1) A Few Things About Depression
When we look at CBT both in relation to depression but also in other areas, we look at the idea that CBT works better for some people than for others. It is therefore difficult to make a claim about the effectiveness of CBT: so much depends on the suitability of the service user, the quality of the therapist and the interaction between the two. This article from the BPS looks at research which sets out to predict who will benefit from therapy and who won’t.
It’s an important question because with resources being finite in the NHS, getting treatment to individuals who are more likely to benefit from it becomes very important.
The latest from the Naked Neuroscientists includes a decent discussion without necessarily breaking new ground. It explains clearly how research is rapidly making it easier to target specific chemicals and processes. With this in mind, this story is a bit of a surprise.
Basically, people are objecting to a study which combines the use of ketamine and ECT. People know that ECT works but don’t know how. Ketamine, which I have mentioned in blog posts before, acts as a stimulant. The researchers think that it might be helpful in reducing the confusion that sometimes accompanies the use of ECT. It’s a surprise that this study exists because there is an element of hit and hope about it. Nobody really knows how ECT works and Ketamine may mask symptoms of depression and confusion rather than actually treat them. There is something both risky and unscientific about this.
Finally on this section, here is a link to an article from the Black Dog Institute in Australia. They are interested in techniques which treat depression by stimulating the brain. There are research programmes which they are funding which look at this.
It feels, on the basis of all of these sources, that the paradigm for thinking about treatment for depression is changing.
2) Autism And Systematising
Here’s a clip from Radio 4 from earlier in the week. I’ve just finished thinking about autism for next year’s course and Simon Baron-Cohen’s ideas about systematising and the male brain are at the front of my mind. In this clip, this idea is related to the fortieth anniversary of the invention of Rubik Cube.
While we are on autism, here is an article from the Autism Research Centre on a development in the understanding of brain differences between normally functioning and autistic participants. It involves some complicated research methods and the study of first-degree relatives of people with autism. It feels like a step forward.
3) Varenicline And Bupropion As Interventions In Smoking Cessation
For the Addictive Behaviour topic, we looked at evidence about the effectiveness of these two drugs in relation to stopping smoking. On the blog, I referred you to this article which suggests that these two drugs work well together.
Here’s a more detailed explanation of this from Bill Yates with some commentary on other studies. In particular, he deals with the issue of the efficacy and safety of these drugs in people suffering from depression.
4) Anti-Stigma Campaigns
We are drawing to a close and beginning to write up the studies of attitudes to mental health which have been running in Year 12 for three weeks. I’ve seen some great data today. What I find so intriguing about this data is how it relates to the campaign materials which Time To Change are producing.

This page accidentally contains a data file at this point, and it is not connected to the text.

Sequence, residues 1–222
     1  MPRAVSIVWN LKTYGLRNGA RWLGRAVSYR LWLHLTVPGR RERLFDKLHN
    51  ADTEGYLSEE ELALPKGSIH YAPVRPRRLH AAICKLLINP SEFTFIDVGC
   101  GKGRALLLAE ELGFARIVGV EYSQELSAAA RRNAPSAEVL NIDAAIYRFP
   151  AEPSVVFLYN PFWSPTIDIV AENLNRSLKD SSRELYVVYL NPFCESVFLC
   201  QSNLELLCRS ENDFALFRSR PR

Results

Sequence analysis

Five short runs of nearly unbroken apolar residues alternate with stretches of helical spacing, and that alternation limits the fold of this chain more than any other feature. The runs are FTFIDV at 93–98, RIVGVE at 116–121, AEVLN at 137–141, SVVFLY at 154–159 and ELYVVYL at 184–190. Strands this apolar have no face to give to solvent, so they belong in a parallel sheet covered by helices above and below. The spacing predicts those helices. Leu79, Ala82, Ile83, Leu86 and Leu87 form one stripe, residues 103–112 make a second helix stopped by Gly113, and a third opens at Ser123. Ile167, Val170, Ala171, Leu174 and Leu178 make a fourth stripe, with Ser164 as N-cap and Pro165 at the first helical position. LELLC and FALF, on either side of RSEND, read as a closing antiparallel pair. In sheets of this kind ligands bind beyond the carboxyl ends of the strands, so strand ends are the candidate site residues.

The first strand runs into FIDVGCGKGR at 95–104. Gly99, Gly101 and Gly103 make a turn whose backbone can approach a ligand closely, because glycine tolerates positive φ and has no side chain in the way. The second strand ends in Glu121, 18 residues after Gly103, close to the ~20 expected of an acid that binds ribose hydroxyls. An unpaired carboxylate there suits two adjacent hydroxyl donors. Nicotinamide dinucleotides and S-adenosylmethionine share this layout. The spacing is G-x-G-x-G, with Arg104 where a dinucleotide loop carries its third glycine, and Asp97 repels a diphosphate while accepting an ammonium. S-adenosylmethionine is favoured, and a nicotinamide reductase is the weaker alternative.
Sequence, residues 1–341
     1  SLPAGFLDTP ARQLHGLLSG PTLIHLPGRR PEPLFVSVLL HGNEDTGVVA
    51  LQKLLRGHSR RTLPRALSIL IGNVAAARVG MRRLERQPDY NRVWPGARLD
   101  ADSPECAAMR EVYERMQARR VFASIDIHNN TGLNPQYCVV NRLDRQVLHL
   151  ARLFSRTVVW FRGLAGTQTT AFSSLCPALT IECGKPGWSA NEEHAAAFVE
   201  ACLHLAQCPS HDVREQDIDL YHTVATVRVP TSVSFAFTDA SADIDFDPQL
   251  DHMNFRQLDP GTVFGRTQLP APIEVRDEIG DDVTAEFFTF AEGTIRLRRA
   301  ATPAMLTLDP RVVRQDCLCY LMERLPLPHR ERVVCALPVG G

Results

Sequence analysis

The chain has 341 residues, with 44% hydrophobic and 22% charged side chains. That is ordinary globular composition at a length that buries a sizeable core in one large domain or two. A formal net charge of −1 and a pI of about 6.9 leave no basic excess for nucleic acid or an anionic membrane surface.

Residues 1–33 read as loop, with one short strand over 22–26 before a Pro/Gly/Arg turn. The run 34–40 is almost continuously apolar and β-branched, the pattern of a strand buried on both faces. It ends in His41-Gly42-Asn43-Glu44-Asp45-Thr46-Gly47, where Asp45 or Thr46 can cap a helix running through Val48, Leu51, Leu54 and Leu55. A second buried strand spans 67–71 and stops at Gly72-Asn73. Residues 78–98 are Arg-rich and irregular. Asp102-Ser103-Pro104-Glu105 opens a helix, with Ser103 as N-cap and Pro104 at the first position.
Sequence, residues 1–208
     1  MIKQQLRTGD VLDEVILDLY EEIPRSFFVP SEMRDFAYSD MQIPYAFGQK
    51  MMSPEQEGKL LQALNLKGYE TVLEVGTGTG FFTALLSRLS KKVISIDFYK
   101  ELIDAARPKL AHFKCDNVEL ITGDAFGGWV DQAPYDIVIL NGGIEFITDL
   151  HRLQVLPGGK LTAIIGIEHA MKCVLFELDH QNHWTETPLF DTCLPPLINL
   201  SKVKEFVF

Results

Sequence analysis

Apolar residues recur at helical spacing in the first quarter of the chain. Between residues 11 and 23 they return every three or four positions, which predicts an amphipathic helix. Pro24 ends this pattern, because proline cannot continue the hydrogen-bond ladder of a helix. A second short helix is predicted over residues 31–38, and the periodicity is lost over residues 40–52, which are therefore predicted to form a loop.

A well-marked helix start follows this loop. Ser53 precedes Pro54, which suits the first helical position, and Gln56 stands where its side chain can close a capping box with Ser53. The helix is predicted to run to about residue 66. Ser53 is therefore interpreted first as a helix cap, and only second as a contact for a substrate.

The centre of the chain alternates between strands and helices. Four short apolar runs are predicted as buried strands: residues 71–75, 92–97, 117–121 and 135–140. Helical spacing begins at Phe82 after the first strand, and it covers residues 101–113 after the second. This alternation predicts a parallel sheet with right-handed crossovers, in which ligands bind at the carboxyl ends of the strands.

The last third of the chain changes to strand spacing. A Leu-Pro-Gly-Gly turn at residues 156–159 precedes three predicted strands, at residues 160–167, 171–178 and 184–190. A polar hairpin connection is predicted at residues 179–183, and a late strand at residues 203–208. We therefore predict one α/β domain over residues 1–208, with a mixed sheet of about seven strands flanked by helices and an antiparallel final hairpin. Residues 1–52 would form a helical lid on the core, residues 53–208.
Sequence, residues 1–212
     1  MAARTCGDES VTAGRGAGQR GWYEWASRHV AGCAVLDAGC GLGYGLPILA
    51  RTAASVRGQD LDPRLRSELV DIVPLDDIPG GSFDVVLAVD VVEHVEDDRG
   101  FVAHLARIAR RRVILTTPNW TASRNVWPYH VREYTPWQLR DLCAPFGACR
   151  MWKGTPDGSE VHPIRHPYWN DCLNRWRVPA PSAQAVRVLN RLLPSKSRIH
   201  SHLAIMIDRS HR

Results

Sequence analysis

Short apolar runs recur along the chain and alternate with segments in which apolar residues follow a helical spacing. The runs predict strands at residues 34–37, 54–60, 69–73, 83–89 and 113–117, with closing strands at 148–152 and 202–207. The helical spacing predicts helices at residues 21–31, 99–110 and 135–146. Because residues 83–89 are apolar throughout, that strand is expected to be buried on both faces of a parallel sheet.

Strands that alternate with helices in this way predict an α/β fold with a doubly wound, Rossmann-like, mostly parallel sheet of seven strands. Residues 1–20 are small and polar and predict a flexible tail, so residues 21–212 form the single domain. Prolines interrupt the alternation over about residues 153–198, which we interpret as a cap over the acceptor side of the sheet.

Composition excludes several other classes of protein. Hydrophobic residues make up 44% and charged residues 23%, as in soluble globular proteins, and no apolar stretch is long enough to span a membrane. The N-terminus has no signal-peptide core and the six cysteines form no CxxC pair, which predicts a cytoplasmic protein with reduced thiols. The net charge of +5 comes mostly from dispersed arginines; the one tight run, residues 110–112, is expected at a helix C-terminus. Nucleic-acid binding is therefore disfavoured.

This article gave me pause for thought. It points out that the people who appear in the anti-stigma ads are people who, despite being genuinely ill, are still to some extent functioning adequately and conforming to social norms. There are plenty of people who don’t but they remain invisible. That’s why I think Bedlam, the Channel 4 programme broadcast last year, represented uncomfortable but compelling viewing. You can still see clips from some of the programmes.
5) WEIRD Psychology
WEIRD here stands for “White, Educated, Industrialised, Rich, Democratic”. The problem is that it is from this demographic group that most Psychology participants are drawn, particularly in child development studies. This article explains what one group of researchers in California did about it and what they found.
This has some echoes in the Evans-Lacko et al (2013) findings we have been looking at. Socio-Economic Status matters but is studied by psychologists too rarely.
6) Action Against Obesity
For the past five years, I have been teaching A2 classes about the effects of obesity. For each of those years, I have been using some campaign material from New York City Public Health Department. They have been trying to persuade people for quite a long time now to consume less sugar. When I started doing this, it all seemed remote and a bit eccentric. In those five years, the idea that drastic measures are needed to reduce sugar consumption has become more mainstream. This article today contains links to related stories and reminds us that the problem is now very close to home.
People understandably get fed up with the way we study memory. We start with the multistore model which is both old and limited. The other stuff we look at after this is a bit better but even Elizabeth Loftus’ research is 40 years old now. Here are a couple of items which raise the bar. Firstly, scientists are starting to understand more about how memories are encoded inside our brains. Interestingly, it seems to follow what the models have been predicting for a while.
Secondly, this beautifully made documentary featuring some commentary from Mo Costandi shows us what memory is really for.